Bing Chen, MD1, Omar Mahmoud, MD1, Priya K. Simoes, MD2; 1Mount Sinai Morningside and West, New York, NY; 2Mount Sinai St. Luke's and Mount Sinai Roosevelt, New York, NY
Introduction: Percutaneous endoscopic gastrostomy (PEG) is a frequently performed procedure in patients with stroke. This study aimed to investigate the differences in in-hospital outcomes for stroke patients compared with non-stroke patients undergoing PEG. Methods: In this retrospective study, the 2016 National Inpatient Sample database was analyzed by using ICD-10 Code for hospitalizations with a procedure code of PEG. Those patients were further divided into the stroke or non-stroke group based on whether they had a primary or secondary diagnosis as ischemic or hemorrhage stroke. Patients who were younger than 18 were excluded from this analysis. The primary outcome of interest was in-hospital all-cause mortality. The secondary outcomes of interest were the rate of aspiration pneumonia, length of stay, and total cost of the hospital admission. Multivariate regression was used to adjust for age, gender, race, incomes, insurance, hospital characteristics, and comorbidities. STATA 14 (College Station, TX) was used for analysis. Results: A total of 27,500 patients with stroke underwent PEG in 2016, which made up 19.4% of all PEGs performed. Compared with patients without stroke, patients in the stroke group were older (69.1 vs 67.1 years, p< 0.001), more likely to be female (48.0% vs 42.9%, p< 0.001), and had a higher Charlson Comorbidity Index (4.20 vs 3.01, p< 0.001). Compared with the non-stroke group, the in-hospital all-cause mortality was not significantly different in stroke group (6.52% vs 6.74%) with an adjusted odds ratio (OR) of 0.95 [95%CI (0.83-1.08), p=0.416]. However, stroke patients had a higher rate of aspiration pneumonia (25.64% vs 20.99%, p< 0.001), a longer length of stay (21.6 days vs 19.8 days, p< 0.001), and higher total cost of hospital admission ($61745 vs $ 53972, p< 0.001). In the subgroup analysis of stroke patients undergoing PEG, Hispanic ethnicity [adjusted odds ratio: 1.65, 95%CI: 1.14-2.38, p< 0.01] and coexisting aspiration pneumonia [adjusted odds ratio: 1.53, 95% (1.21-1.94), p< 0.001] were associated with higher mortality. Discussion: Among patients undergoing PEG, stroke patients did not have a significantly different in-hospital all-cause mortality compared to non-stroke patients. However, they had a higher rate of aspiration pneumonia, a longer length of stay, and higher total cost of hospital admission.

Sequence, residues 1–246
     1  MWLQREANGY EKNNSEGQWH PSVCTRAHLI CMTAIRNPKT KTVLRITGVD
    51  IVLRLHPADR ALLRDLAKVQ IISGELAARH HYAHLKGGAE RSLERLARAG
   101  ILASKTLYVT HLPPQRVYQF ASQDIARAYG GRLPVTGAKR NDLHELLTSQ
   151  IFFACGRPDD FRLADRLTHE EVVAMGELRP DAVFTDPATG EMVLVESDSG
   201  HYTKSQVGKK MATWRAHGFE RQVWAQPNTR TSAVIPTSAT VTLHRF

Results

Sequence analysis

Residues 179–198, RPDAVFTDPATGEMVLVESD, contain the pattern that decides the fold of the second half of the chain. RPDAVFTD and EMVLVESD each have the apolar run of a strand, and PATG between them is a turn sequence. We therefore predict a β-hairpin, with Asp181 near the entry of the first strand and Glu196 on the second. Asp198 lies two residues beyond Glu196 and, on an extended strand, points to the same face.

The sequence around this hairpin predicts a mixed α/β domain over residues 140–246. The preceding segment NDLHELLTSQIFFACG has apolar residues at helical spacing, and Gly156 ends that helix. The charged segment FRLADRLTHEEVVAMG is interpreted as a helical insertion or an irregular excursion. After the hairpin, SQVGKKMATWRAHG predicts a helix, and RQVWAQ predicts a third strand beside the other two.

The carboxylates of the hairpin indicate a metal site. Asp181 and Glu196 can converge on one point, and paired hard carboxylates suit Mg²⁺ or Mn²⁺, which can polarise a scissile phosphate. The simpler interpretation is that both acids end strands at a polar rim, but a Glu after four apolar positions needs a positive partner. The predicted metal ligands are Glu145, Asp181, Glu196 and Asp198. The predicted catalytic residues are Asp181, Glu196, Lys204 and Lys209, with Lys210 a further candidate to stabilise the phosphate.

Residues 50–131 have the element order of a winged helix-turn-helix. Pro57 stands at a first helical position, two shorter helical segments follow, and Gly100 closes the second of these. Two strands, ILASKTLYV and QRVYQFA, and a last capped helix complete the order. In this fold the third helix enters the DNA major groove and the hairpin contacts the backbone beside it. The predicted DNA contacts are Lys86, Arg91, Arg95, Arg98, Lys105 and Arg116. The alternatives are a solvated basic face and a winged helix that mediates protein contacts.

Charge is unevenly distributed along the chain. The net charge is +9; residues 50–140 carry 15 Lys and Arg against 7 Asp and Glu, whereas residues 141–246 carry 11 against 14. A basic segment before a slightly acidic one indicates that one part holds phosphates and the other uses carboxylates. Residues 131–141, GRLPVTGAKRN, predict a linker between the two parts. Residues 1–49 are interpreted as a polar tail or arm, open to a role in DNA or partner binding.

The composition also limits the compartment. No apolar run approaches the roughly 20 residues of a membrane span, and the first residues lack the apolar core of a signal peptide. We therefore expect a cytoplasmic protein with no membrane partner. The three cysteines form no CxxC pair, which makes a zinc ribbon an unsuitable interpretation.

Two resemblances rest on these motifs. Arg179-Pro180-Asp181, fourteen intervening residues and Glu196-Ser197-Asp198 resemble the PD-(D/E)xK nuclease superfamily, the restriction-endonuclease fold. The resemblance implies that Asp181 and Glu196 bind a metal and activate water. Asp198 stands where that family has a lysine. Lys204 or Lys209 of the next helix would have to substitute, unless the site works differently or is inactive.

Table 1: Basic characteristics of stroke vs. non-stroke patients undergoing PEG
Table 2: In-hospital outcomes of stroke vs. non-stroke patients undergoing PEG
Disclosures: Bing Chen indicated no relevant financial relationships. Omar Mahmoud indicated no relevant financial relationships. Priya Simoes indicated no relevant financial relationships.